Sunday, April 13, 2008

Editor's Recommendation

You don't know what you don't know. It's that premise that drives what may become the new gold standard for books about writing: Elizabeth Lyon's Manuscript Makeover: Revision Techniques No Fiction Writer Can Afford to Ignore.

As a freelance editor, I hope every one of my clients reads this book before hiring me. I see writers trip over the same hurdles time and again--stylistic tics, POV writing that is too stiff to carry the characters' emotional development, and plots that unfold chunkily, if they unfold at all. Editors do their best work when presented with a close-to-publishable draft. Those dozens of hours of work are never wasted, but they are far better spent teasing out a novel's themes and bringing out the full strength of a writer's voice. Grammatical mistakes and common writing challenges are comparatively easy to address on one's own.

I have surveyed many books about the craft, and find that they fall into one of two categories: (1) They condescend to the writer, and are therefore not worth reading; or (2) they address the writer as a legitimate student and creator. Of these latter books, what distinguishes Manuscript Makeover is its thoroughness and its intuitive organization. It contains many checklists, but it's more than a mechanical how-to manual on self-editing. It covers literally every problem I've ever encountered in a client's manuscript, from style to story structure, and gives the writer ways to fix them. It also contains a helpful redux on query letters and marketing, condensed from Lyon's more comprehensive books about manuscript submission.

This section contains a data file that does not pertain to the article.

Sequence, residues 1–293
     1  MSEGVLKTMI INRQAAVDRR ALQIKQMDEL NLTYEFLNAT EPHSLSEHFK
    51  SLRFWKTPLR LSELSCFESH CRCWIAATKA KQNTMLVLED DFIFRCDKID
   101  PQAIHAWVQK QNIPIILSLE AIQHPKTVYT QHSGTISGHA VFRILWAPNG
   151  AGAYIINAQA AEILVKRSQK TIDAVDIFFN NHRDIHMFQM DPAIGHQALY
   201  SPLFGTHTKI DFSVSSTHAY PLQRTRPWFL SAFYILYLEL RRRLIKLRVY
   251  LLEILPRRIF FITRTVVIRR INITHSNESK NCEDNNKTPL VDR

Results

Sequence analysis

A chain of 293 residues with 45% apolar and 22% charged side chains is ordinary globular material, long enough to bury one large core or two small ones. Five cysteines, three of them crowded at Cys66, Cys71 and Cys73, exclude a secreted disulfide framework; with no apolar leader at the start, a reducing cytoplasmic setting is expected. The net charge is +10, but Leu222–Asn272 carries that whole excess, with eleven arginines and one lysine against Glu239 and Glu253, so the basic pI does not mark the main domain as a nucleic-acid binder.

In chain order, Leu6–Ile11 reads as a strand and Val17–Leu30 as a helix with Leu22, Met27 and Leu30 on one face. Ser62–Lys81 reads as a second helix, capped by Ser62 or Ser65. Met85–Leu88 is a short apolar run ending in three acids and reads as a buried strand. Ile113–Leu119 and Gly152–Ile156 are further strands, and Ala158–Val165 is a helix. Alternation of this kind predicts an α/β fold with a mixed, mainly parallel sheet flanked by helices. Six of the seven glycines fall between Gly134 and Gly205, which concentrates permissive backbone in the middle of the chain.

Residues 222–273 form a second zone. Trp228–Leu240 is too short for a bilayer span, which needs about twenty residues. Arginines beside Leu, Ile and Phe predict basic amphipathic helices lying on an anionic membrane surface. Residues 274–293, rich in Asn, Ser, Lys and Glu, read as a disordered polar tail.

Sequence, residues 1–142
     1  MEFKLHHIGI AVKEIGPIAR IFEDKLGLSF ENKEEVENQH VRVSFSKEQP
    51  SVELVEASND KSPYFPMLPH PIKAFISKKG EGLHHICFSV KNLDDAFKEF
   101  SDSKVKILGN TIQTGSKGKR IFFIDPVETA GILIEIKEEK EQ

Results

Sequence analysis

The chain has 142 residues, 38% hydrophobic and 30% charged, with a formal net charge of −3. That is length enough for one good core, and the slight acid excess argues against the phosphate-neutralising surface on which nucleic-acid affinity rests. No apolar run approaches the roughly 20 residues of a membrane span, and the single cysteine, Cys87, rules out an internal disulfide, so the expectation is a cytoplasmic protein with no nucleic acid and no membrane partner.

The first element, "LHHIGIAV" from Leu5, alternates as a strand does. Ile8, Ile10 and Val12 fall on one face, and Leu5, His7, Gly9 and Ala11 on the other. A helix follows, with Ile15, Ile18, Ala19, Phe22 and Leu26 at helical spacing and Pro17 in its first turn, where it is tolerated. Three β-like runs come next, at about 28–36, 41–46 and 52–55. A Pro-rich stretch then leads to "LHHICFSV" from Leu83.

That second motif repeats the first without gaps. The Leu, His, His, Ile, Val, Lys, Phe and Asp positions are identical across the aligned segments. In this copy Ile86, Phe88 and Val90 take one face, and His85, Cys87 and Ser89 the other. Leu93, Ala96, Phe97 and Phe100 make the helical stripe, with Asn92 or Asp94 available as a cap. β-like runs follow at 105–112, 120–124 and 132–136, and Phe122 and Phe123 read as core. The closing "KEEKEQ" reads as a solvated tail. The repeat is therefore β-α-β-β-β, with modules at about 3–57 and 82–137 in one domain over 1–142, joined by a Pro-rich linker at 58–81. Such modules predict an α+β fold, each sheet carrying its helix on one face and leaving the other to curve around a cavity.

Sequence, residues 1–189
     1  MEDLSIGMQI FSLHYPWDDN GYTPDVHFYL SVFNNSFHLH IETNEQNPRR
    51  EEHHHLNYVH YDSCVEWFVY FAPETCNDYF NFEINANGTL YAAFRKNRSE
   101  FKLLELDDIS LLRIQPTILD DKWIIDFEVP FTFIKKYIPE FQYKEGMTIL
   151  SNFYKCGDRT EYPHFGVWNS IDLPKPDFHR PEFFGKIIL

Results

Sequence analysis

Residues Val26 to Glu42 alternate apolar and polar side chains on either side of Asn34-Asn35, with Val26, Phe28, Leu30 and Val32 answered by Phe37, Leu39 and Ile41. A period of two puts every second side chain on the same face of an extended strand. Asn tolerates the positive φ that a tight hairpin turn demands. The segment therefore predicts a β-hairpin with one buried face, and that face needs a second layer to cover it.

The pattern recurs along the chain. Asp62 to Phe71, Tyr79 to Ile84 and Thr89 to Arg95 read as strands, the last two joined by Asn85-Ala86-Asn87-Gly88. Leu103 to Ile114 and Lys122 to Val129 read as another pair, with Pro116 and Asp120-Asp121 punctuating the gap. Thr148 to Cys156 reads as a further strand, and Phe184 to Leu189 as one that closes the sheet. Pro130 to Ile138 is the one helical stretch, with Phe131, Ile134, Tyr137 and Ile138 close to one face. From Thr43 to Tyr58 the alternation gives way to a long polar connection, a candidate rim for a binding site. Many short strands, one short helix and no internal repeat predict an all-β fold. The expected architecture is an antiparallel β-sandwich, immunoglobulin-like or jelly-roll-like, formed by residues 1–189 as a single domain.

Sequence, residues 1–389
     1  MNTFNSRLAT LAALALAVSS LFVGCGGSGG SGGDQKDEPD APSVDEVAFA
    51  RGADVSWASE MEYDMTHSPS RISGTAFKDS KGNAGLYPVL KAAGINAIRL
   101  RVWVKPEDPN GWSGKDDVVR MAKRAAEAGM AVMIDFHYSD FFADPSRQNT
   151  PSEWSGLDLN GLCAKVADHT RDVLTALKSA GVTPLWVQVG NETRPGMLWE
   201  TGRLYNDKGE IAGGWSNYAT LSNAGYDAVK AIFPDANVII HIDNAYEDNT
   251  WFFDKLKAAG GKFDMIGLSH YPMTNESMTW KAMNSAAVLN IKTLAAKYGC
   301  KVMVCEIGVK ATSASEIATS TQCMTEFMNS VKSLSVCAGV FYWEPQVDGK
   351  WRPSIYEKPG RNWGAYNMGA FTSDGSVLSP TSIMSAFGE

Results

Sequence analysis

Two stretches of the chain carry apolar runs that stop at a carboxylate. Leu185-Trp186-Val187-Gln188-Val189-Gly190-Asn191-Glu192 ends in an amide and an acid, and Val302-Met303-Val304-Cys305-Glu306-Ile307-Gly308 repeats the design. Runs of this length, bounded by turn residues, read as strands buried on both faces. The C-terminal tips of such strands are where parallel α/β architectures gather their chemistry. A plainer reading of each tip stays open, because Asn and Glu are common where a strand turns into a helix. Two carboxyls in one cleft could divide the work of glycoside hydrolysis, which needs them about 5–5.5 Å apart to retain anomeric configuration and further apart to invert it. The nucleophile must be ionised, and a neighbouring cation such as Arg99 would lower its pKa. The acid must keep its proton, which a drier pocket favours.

From now on, it sits on my shelf next to William Zinsser's On Writing Well and Strunk & White's Elements of Style. Whether you are just beginning to fill your shelves or already have filled them with some published titles of your own, Manuscript Makeover should be an essential book in your collection.

Sunday, April 06, 2008

The Heavy Novel

As I pack my suitcase and write the final e-mails before taking off for Rockaway Beach, I can hardly get my car loaded fast enough. Five days away from e-mail. Five days with no phone, no chance of dashing off for a few extra groceries, no responsibilities but writing. On these retreats, I get so much writing done. I have been writing a novel for five years and am producing what will likely be the final draft, thanks to a burst of clarity in February. I never thought the pieces would come together so well, and to finish it, finally finish it, all I need is the time to write.

A long time ago I read in Julia Cameron's The Artist's Way that the subconscious already knows the story. All the writer needs is to get free of the blocks, and write. The idea didn't inspire me at the time, but it lodged in my head somewhere. I carried it with me all these years, through high school, college, moving, the years in Portland -- kind of like that funny-looking tool that somebody gives you for Christmas. You never think you need it, but it looks potentially useful, and it travels from junk closet to junk closet. Something like that. Anyway, the idea returned to me in February, when I realized I knew my novel's story all along.

I told a good friend this morning, our novels are already complete. They are in our subconscious, and they are very, very heavy. Our responsibility is to get enough sleep, make time to write, and allow our minds to play. Our work is to be energetic enough to haul up our novel, bucketful by bucketful.